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We’re getting closer to the actual start of high school football games in Arizona, and some coaches and media members are nervous about a COVID-19 benchmark that needs to be reached. The worry is overblown, and it won’t stop the season from starting on time.

The Arizona Interscholastic Association has been diligent all summer in assembling a plan for the safe return to fall sports, most notably football. During the many phone calls, Zoom meetings and other discussions, the AIA has worked with its Sports Medicine Advisory Committee.

The regular season is set to begin Oct. 2.

When the AIA released a revised set of recommended guidelines for returning to athletics this fall, the SMAC added some new benchmarks on COVID-19 metrics. The revised guidelines, which were released Sept. 4, caused significant worry for some coaches, parents and even high school sports reporters.

Why all the fuss?

It comes down to this — subsection 4 of the document’s “Return to Athletics” includes recommendations based on “Level of spread within the community.” There are three levels of spread described in this section — minimal, moderate and substantial.

Minimal spread is indicated by fewer than 10 positive COVID-19 tests per 100,000 people; fewer than 5% positivity rate on COVID-19 PCR tests; and fewer than 5% of hospital visits due to COVID-like illness.

The number causing all the panic is the fewer than 10 positive tests per 100,000 people. It is an admittedly very stringent benchmark, one not highly realistic to achieve.

I’m not going to minimize the importance of these benchmarks. In fact, I believe the opposite. They are very important if we are going to mitigate the spread of the virus, keep people safe and keep high school sports alive for the fall and beyond.

However, these are recommended guidelines. That means the AIA is not going to swoop in and punish schools. That’s not the AIA’s role in this. Even if it wanted to, it couldn’t police every school.

Secondly, schools are still allowed to compete in the moderate spread category, which has less stringent benchmarks.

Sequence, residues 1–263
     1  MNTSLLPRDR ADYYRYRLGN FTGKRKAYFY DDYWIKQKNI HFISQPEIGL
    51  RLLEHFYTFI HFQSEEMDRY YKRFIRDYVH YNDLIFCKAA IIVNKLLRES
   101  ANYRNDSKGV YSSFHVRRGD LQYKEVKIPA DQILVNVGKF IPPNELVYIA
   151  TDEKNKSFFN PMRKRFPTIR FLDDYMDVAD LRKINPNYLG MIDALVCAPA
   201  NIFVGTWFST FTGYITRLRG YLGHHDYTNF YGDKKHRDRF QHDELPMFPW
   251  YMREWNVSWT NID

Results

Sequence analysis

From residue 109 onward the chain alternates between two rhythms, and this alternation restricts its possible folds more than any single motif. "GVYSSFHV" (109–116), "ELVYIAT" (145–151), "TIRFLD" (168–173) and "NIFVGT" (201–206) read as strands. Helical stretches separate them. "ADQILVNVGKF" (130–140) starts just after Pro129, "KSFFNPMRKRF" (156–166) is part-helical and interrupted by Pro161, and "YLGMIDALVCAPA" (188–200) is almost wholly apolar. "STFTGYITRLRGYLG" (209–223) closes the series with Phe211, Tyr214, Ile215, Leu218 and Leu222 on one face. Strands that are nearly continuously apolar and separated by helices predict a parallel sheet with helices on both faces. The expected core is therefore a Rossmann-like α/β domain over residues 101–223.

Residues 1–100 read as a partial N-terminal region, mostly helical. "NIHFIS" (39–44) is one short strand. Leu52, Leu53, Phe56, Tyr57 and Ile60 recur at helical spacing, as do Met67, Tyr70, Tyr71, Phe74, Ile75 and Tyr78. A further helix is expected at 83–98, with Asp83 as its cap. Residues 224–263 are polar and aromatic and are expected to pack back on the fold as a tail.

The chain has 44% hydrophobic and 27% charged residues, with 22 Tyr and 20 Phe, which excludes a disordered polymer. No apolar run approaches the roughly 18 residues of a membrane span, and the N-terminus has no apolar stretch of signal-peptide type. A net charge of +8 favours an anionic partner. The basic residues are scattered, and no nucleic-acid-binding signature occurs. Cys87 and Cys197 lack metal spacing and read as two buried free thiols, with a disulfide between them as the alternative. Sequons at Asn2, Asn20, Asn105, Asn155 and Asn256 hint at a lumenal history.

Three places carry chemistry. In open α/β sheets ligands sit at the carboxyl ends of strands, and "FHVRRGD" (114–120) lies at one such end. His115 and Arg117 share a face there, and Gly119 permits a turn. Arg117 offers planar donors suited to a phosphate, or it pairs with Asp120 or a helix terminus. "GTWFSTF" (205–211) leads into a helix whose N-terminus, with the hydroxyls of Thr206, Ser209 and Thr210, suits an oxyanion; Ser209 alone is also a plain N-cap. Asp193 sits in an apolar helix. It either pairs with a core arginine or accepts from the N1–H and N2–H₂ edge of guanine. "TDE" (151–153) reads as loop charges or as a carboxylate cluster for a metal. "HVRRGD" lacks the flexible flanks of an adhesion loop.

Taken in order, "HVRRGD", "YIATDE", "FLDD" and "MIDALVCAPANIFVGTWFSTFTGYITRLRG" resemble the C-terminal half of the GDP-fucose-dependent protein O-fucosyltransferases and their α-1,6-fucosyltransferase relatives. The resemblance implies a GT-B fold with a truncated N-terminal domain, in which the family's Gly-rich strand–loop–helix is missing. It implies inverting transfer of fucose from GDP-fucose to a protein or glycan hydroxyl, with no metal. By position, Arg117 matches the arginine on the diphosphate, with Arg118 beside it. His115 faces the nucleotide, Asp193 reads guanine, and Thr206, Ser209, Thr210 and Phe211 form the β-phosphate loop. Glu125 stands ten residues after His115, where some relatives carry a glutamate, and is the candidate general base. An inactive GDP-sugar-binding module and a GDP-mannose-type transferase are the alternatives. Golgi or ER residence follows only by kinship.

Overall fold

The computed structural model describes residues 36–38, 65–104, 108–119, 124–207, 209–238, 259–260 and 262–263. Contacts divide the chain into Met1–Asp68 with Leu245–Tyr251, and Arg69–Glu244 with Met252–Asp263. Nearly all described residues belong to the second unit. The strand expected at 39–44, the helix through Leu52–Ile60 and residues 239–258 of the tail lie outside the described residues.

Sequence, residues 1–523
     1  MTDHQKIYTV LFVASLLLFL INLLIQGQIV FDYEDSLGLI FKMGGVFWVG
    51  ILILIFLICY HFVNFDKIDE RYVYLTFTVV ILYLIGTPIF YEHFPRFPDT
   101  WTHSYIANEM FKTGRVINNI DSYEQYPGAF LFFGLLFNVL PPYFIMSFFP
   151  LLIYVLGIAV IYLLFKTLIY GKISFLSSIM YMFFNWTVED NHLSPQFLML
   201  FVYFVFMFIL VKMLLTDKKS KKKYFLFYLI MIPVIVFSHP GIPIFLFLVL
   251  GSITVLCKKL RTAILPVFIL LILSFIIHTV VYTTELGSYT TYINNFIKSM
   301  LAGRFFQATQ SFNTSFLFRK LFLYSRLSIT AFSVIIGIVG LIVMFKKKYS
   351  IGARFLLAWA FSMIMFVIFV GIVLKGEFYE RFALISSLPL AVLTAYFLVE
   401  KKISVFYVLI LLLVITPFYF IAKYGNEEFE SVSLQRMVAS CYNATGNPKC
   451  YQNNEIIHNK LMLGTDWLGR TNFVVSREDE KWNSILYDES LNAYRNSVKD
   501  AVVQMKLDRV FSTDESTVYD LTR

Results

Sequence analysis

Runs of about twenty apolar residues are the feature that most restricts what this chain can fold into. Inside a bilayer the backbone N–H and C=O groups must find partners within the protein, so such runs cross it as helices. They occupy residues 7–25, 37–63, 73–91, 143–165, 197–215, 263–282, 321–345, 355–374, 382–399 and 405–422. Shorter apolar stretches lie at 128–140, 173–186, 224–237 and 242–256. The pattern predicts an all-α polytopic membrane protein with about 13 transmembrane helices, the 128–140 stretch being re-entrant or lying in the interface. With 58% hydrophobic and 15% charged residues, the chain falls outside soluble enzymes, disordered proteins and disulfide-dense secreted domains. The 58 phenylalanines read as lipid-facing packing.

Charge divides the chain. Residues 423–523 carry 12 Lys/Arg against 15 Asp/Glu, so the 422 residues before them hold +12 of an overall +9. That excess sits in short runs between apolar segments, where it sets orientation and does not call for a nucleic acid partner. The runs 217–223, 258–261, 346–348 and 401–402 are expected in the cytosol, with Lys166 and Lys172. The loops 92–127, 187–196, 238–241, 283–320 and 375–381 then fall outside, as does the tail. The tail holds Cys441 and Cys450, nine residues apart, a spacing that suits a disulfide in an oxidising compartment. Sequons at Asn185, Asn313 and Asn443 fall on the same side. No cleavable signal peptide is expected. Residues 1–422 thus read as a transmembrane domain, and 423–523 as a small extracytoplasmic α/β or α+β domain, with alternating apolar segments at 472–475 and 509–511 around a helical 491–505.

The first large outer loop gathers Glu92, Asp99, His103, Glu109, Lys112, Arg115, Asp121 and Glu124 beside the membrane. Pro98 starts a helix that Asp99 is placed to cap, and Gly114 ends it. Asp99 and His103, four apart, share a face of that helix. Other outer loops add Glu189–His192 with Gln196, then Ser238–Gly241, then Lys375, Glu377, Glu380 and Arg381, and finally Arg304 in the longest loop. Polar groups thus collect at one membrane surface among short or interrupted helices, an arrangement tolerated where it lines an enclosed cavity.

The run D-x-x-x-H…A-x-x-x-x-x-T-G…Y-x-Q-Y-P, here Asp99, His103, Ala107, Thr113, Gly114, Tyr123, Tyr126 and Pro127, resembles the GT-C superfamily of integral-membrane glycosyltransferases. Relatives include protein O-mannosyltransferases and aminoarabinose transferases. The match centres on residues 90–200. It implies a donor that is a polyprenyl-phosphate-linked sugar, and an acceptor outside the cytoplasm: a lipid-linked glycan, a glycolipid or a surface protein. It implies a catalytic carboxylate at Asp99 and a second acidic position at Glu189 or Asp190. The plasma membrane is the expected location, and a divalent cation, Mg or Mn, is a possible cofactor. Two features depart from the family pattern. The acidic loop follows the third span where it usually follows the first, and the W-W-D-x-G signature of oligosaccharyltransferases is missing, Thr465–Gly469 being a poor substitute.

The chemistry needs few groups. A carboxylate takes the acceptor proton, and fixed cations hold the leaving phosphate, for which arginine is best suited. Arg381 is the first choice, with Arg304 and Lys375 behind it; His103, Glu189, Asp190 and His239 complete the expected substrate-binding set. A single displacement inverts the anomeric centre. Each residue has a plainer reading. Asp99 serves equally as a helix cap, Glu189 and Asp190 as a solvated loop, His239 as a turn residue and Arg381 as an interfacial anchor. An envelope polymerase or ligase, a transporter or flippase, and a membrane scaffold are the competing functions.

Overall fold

But people are forgetting the salient point here, and that is that school districts will ultimately decide whether or not their high schools will compete in football or other fall sports. Those school districts will be guided by the medical advisory committee’s benchmarks and by county health departments.

If school districts want to postpone athletics for whatever reason, they can. Pima County public schools already decided they would not start athletics until there is a return to in-person instruction on their campuses.

Districts and individual schools will also decide if fans are allowed in any capacity. Again, the AIA has nothing to do with that.

In Pinal County, I have not seen an indication that any school district is pushing back against the football regular season starting Oct. 2. Most schools across the state are moving forward with the idea of opening their 2020 season that Friday night.

The AIA is set to make an announcement Thursday regarding the SMAC’s community spread benchmarks for returning to play. The SMAC has had further internal discussions about its benchmarks.

Don’t expect any bombshells in Thursday’s announcement. Football will be played Oct. 2.

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Brian Wright is the sports editor at PinalCentral. He can be reached at bwright@pinalcentral.com.

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